It isn’t much fun traveling anywhere on work even if it is by plane. Though it wasn’t a very critical mission I was going on nevertheless I was anxious about doing it right. So it was in a somber mood that I started out for the airport. This time I was booked on a late morning flight on Spice Jet. I had the mission worked out in my mind. I would visit two offices before having lunch at AP Bhavan. Afterwards I planned to visit another office which, by a happy coincidence, is located in Khan Market. I was looking forward to go around gawking in Khan Market after finishing my mission. I would be free until the next day until eleven in the morning so I made my own little plans which included looking for a certain book that I will write about in the next post.

Unlike in a bus where you can look out of the window to make out which place you are passing through you cannot do it in an airplane. Unless one possesses telescopic vision that can penetrate through cloud cover it is impossible to know where one is. On my previous trip on an Air India plane there was this screen that showed the plane’s trajectory that also displayed in how many minutes the plane would land at Delhi. The only discovery I made about Spice Jet is that they serve rice items on the flight which wasn’t the case with Indigo on the return trip.

The cab my brother booked for me at Delhi was driven by a Sardar. Tejinder Singh would have been at home on the roads of Hyderabad given the way he drove the cab. He was muttering under his breath at driver blocking him, passed through the red signal a couple of times, glared at drivers who did not let him pass and did all the sort of things that we Hyderabadis do as a matter of habit. Tejinder Singh's driving was making me extremely nervous. As it is I was already nervous about accomplishing my mission in time and the Sardar’s driving wasn't exactly making me glad I was out of Hyderabad.It did not also help that Tejinder did not appear the sort to be told to drive safely by someone out of town and sitting in the back seat. Anyway it wasn’t until I had a sumptuous lunch at the crowded restaurant at AP Bhavan that an idea struck me about taming Tejinder.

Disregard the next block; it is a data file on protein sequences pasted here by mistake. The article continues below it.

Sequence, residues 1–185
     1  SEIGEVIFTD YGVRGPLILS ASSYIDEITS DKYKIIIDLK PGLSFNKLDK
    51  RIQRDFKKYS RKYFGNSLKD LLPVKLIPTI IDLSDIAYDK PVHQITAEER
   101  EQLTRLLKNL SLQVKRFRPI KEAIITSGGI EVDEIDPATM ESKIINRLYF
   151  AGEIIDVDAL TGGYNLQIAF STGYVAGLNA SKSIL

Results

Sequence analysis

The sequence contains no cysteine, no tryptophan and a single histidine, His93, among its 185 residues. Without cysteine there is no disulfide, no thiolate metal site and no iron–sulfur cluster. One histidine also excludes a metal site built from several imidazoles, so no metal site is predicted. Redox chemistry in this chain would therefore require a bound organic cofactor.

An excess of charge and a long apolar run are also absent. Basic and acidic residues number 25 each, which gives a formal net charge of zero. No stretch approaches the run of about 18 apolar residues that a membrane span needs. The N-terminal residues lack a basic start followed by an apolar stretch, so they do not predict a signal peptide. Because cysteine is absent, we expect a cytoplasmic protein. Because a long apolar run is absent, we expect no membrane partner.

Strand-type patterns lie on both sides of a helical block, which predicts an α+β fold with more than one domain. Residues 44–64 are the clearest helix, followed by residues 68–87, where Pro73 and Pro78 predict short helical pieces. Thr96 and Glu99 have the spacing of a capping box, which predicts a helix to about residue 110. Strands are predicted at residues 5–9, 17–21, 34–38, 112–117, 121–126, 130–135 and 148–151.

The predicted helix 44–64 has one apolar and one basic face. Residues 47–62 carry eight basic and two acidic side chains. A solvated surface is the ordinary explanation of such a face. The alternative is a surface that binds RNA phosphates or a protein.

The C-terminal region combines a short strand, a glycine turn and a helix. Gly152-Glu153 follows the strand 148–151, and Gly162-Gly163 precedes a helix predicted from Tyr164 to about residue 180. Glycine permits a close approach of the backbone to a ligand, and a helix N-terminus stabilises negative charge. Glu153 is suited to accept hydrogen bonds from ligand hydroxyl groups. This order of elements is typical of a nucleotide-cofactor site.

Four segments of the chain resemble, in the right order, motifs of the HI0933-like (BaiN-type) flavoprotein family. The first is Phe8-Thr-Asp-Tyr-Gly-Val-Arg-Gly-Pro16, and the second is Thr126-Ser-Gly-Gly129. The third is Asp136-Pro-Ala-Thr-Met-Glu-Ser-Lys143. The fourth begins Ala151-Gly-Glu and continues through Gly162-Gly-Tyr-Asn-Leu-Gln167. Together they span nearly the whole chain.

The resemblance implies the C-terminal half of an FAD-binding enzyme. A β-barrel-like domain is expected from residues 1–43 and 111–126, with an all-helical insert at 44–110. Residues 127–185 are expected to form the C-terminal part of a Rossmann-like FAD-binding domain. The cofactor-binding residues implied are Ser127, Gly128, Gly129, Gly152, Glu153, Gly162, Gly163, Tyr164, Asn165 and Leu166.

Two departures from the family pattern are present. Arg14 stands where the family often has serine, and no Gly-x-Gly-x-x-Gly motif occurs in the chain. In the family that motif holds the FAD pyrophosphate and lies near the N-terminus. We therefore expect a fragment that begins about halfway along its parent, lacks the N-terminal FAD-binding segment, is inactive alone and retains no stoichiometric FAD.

After lunch I quickly finished the last leg of my official mission and made my way to Khan Market like I had never been there before. I went around trying my best not to look out of place in that posh market teeming with the chic and the fashionable crowd of New Delhi. It wouldn’t have been difficult for anyone to make out that I was an out of towner given the way I was gawking at everything and everyone like a true Hyderabadi. I’m exaggerating a bit but I find it hard to believe that there are people don’t mind spending a couple of lakhs on one’s footwear or a bag. I know there are a lot of super rich people in the country just that I haven’t seen any of them in person. There are a lot of such rich folks who come to Khan Market to splurge on things. Luckily for me there was nothing to splurge on. I couldn’t even find the book I was looking for. But I did see something that made me wish I was a millionaire. It was a book that will feature in my next post.